Composting: How a Relic from our Past Could Become a Key to our Future

By: Davey Komisar

Chicago is often thought of as the de facto capital of the Midwest. Towering over the shores of Lake Michigan, the metropolis boasts a bustling restaurant scene, passionate sports fandoms, and a rich history of times gone by. Recently, the people of Chicago are seen as champions of environmental policy reform. [1] This week, to bolster the city’s composting levels, Chicago launched a citywide food drop-off initiative, marking the first of its kind in the city’s long history. [2]

What is Composting and why is it important?

Composting is the natural process of breaking down organic material into its basic elements. [3] The desired product, called “compost,” then becomes an important agricultural commodity used to stimulate crop growth and promote healthy soil. [4] Humans first practiced composting as far back as 3,000 B.C. in Egypt. [5] The Egyptians spread animal manure across their fields to use as fertilizer and relied on rainwater to keep the piles from decomposing. [6] The Roman Empire shared the practice across Europe, and even William Shakespeare wrote of it in the early 17th century. [7] Scientists estimate that composted matter accounted for 90% of all the fertilizer used in the United States by 1900. [8] So what changed in the past 100 years that made composting an afterthought in the agricultural industry?

In 1913, German engineers introduced synthetic nitrogen compounds into the fertilizer industry. [9] They were cheaper, cleaner, and more appealing, so by 1950, roughly only 1% of all fertilizers were produced from compost. [10] Nitrogen based fertilizers have certainly revolutionized the farming industry, but it has not come without criticism. Plants absorb only a small portion of nitrogen when synthetic fertilizer is applied to soil. [11] This causes the excess nitrogen to runoff into nearby water sources and seep into groundwater. [12] Experts suggest that the nitrates that infiltrate the groundwater, eventually consumed by humans, can lead to various health ailments resulting in urinary and kidney disorders. [13]

What does any of this have to do with Chicago?

While Illinois ranks third among US States in total prime farmland acreage, farming is almost exclusively practiced outside of Chicago. [14] However, Chicago does operate numerous landfills within the city limits. [15] When organic waste is not composted or disposed of in a manner other than trash, it decomposes and degrades into noxious chemicals harmful to the environment. [16] While many landfills have adopted technology to capture these gases and convert them into energy, there are still concerns about the non-captured gas entering the atmosphere and its contribution to climate change. [17] Waste disposal becomes a larger threat to climate change as the population of the Earth grows. [18] Mega-cities (cities with populations larger than 10 million) generate huge amounts of waste, and in 2008, New York City alone generated 12.1 million tons of waste each day. [19]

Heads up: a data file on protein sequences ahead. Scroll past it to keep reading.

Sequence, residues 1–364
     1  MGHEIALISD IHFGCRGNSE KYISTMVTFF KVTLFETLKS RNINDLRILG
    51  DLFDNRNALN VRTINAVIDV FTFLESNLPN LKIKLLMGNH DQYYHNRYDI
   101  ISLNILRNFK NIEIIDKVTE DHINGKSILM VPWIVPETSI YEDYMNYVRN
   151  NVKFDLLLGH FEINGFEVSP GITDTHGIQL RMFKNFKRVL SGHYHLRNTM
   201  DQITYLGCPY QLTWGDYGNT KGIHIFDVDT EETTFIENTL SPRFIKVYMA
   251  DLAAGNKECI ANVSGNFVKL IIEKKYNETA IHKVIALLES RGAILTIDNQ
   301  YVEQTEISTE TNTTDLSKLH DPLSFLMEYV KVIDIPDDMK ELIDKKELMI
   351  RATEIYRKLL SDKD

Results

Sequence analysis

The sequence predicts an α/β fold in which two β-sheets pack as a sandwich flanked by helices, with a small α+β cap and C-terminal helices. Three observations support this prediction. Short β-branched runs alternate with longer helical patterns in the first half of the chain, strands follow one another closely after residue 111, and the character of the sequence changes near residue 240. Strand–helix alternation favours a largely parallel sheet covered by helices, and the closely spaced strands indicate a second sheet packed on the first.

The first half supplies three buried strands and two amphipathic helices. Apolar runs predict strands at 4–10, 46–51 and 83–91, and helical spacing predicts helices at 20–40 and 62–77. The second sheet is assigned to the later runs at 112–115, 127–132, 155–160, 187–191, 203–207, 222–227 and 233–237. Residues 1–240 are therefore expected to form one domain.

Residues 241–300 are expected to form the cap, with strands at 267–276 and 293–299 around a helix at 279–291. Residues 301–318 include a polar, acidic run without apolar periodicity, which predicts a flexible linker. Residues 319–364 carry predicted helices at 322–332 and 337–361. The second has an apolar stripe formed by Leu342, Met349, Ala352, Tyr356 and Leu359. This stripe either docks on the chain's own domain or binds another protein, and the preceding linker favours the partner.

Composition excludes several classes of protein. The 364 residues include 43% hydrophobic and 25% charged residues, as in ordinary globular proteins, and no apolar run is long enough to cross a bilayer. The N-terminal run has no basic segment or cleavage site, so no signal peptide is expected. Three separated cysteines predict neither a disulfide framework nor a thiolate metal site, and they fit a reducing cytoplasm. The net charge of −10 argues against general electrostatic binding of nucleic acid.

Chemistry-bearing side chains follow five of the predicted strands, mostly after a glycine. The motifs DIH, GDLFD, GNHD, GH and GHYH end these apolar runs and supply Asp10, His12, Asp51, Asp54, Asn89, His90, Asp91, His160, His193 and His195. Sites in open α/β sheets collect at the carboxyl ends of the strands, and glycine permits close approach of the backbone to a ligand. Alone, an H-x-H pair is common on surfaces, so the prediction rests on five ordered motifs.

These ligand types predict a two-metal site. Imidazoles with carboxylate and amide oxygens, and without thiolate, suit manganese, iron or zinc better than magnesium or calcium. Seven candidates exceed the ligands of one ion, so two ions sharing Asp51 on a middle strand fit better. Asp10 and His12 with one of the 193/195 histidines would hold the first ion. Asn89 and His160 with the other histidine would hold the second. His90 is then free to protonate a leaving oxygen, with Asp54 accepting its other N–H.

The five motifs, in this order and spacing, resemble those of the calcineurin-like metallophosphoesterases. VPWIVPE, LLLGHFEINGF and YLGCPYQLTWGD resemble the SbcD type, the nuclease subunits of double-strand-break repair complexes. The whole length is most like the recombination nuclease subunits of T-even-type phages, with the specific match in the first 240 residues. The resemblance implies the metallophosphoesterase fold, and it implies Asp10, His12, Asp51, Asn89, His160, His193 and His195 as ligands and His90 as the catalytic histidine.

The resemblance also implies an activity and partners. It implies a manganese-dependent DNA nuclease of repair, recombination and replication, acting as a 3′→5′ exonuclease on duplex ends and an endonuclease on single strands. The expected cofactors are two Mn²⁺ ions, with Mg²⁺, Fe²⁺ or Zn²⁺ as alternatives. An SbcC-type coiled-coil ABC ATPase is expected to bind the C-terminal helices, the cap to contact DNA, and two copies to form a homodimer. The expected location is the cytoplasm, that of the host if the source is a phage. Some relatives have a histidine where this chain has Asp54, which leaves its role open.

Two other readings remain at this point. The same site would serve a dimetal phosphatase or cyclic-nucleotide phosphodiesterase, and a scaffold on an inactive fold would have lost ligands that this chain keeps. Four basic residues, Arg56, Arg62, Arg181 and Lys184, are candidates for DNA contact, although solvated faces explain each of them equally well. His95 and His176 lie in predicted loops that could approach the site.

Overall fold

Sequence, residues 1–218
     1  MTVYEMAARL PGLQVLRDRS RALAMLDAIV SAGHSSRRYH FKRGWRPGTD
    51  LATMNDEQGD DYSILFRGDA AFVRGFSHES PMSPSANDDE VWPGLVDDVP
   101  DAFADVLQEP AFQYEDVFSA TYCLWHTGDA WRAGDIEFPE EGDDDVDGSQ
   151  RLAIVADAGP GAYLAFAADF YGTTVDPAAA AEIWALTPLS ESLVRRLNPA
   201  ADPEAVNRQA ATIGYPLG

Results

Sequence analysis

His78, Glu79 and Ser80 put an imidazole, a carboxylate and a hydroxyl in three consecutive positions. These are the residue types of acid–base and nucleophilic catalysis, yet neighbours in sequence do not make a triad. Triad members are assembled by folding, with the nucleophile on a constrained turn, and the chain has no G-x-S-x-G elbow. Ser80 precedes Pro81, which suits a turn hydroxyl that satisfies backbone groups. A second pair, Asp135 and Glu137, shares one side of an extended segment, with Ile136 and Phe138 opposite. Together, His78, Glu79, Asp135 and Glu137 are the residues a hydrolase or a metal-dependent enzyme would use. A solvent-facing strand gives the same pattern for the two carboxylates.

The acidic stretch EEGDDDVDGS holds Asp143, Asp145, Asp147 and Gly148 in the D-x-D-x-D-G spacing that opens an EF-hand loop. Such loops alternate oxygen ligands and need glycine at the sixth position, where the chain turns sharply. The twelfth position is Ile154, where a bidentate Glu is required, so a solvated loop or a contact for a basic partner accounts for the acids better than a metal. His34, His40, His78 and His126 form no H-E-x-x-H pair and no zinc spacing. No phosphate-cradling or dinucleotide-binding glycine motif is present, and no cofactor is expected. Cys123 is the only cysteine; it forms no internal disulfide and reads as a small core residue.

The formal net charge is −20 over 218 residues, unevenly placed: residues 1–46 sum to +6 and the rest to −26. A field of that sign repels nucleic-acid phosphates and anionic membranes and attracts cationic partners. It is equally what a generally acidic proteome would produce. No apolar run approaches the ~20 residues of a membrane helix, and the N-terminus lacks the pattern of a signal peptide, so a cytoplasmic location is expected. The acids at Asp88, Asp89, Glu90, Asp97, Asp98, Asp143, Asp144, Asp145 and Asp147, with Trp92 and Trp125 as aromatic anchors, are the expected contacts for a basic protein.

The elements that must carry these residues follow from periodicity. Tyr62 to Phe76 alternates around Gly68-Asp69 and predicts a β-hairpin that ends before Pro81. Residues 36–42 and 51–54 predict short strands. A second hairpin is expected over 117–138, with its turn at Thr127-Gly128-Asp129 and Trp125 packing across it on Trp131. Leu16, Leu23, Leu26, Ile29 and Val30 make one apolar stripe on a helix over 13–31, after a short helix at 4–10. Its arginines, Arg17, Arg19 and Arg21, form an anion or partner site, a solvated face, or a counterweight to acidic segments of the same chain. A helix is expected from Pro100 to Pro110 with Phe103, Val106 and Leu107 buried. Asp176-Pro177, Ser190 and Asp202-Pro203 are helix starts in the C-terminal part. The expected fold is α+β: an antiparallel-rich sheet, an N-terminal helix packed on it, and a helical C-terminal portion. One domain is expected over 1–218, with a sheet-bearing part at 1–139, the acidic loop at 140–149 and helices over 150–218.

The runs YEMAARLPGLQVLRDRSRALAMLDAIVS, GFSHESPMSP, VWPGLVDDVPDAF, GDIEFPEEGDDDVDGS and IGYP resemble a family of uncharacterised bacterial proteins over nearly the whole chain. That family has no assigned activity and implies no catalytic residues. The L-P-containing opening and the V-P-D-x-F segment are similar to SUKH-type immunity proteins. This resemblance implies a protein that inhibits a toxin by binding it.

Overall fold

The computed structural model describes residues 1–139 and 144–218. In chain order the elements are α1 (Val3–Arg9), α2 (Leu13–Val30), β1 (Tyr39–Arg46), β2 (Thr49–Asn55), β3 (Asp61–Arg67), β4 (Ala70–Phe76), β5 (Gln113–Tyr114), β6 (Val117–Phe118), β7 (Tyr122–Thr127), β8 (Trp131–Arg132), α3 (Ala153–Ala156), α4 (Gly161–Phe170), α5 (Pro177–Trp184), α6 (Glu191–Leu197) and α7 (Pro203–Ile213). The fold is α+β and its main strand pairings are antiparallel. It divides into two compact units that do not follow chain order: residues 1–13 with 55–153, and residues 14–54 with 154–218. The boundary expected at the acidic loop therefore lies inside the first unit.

The food drop-site program in Chicago is a pilot program that hopes to expand in the coming years should it succeed with the 15 active sites across the city currently. [20] Mayor Brandon Johnson claims the goal of this program is to reduce the amount of organic decomposition in landfills to create healthier communities by reducing greenhouse gases. [21] However, this is not the only benefit to expanding composting capabilities in a large city. Compost is a lucrative commodity. It can be sold to various types of commercial ventures such as nurseries, landscaping entities, municipalities, and of course farmers. [22] Alongside the environmental gains, there are social and economic benefits to an uptick in compost activism in cities of all sizes. [23]

What can you do to help?

The pilot program is optional to all Chicago residents. One way you can contribute is to begin separating your organic waste from your typical trash and recycling. You can then drop off your food waste at any of the food drop-off sites in the city. For more information, check out the City of Chicago’s page on Composing.


[1] Gina Ramirez, Chicago’s Historic Environmental Justice HUD Settlement (Aug. 29, 2023),

[2] Todd Feurer, Chicago Opening Food Scrap Drop-Off Sites for Citywide Composting Program, (Oct. 17, 2023, 8:39 AM),

[3] George M. Fell, Composting, Env’t Encyc. 355 (4th ed. 2011) (discussing the basic elements of composting).

[4] Chris Cavette, Compost, How Products Are Made: An Illustrated Guide to Product Manufacturing 86 (Jacqueline L. Longe ed., 2000) (describing the history and uses of compost).

[5] Id.

[6] Id.

[7] Id.

[8] Id.

[9] Id.

[10] Id.

[11] Perry Romanowski, Fertilizer, How Products Are Made: An Illustrated Guide to Product Manufacturing 138, 142 (1998) (describing how modern-day fertilizers are made and their effects on the environment).

[12] Id.

[13] Id.

[14] Illinois Department of Agriculture,,sound%20base%20for%20crop%20production. (last visited October 20, 2023).

[15] Landfill Locations Map, Illinois Env’t Prot. Agency, (last visited Oct. 27, 2023).

[16] Brian D. Hoyle, Waste Disposal, Climate Change: In Context, 893-895 (Brenda W. Lerner ed., 2008) (describing different methods of waste disposal).

[17] Id. at 895.

[18] Id.

[19] Id. at 893

[20] Feurer, supra note 2.

[21] Id.

[22] Fell, supra note 4, at 89.

[23] Faraz Farhidi, Kaveh Madani, & Rohan Crichton, How the US Economy and Environment Can Both Benefit From Composting Management, Environmental Health Insights 1, 4 (2022) (uses an environmental study to project future implications of composting),